One of the fastest-expanding jobs for our canine friends has been as therapy animals, comforting seniors and those who’ve suffered trauma. They’ve even worked inside courthouses to help steady nervous witnesses.

    They’re also proving very effective at helping former soldiers, police and other first-responders cope with post-traumatic stress disorder (PTSD).

    Public awareness of this service, however, is lagging far behind, according to a trainer.

    George Leonard, a search-and-rescue technician, First Nations band constable and dog trainer, runs Courageous Companions, which trains and certifies service dogs for

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  • Canadians joining fight against ISIS may not understand the risks

    White Rock, B.C. woman Gill RosenbergWhite Rock, B.C. woman Gill Rosenberg

    The question of what, if anything, happened to Gill Rosenberg is illuminating the contradiction in Ottawa’s public position over whether Canadians should travel to Iraq and Syria to join the anti-ISIS fight.

    Rosenberg is an Israeli-Canadian woman rumoured to have been captured by the Islamic militant group’s forces during one of its attacks. The Jerusalem Post first reported her capture, based off an ISIS web post, but others, including the Kurdish militia she reportedly was fighting with, contradicted that report and said she was safe.

    On Monday afternoon, a post appeared on her Facebook page, purportedly written by her, also claiming she was “totally safe and secure.”

    Whatever the truth is, the episode highlights the complications that arise when Canadians decide to go overseas to fight for a cause, especially in a region with such complex politics.

    A number of Canadian armed forces veterans have joined or are planning to join Kurdish forces fighting ISIS, apparently with the

    Read More »from Canadians joining fight against ISIS may not understand the risks
  • Energy-friendly but toxic: Compact fluorescent light bulbs pose a recycling dilemma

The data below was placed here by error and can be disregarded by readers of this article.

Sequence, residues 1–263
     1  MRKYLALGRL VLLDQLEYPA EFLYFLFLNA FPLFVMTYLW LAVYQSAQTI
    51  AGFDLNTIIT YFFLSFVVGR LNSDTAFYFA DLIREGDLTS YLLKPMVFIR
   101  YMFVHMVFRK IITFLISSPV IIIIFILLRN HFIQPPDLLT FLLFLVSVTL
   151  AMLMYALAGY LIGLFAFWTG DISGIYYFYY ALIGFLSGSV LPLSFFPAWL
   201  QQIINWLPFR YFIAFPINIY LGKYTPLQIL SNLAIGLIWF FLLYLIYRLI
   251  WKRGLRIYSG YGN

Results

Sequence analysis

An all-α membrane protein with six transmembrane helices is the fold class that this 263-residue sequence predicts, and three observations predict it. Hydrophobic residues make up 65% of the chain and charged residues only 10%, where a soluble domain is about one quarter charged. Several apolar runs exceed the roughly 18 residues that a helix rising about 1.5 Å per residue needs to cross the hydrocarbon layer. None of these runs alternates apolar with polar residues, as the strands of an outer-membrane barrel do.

An incandescent light bulb (C) is shown with an LED bulb (L) and a compact florescent (CFL) bulb. (Getty)An incandescent light bulb (C) is shown with an LED bulb (L) and a compact florescent (CFL) bulb. (Getty)

    I confess that as kids, my friends and I loved to come across fluorescent light tubes that someone had thrown in the trash. We’d take them into the alley and toss them in the air. We enjoyed the lovely pop they made as they exploded on the ground, blissfully unaware of the toxic mercury and God knows what other poisons we were releasing.

    We know better now, of course. We as a society no longer blithely dump fluorescent lights in the garbage, where they end up in landfill. But as energy conservation has expanded the use of fluorescent lighting products into our homes, efforts to recycle them remain spotty. A significant number of fluorescent lights – perhaps one in two if Statistics Canada’s figures are right – get tossed in the garbage.

    Federal regulations initiated the phasing out of traditional incandescent bulbs in favour of more efficient fluorescent and LED lights, which use a fraction of the electricity and last longer.

    At the time, the Conservative government was expected to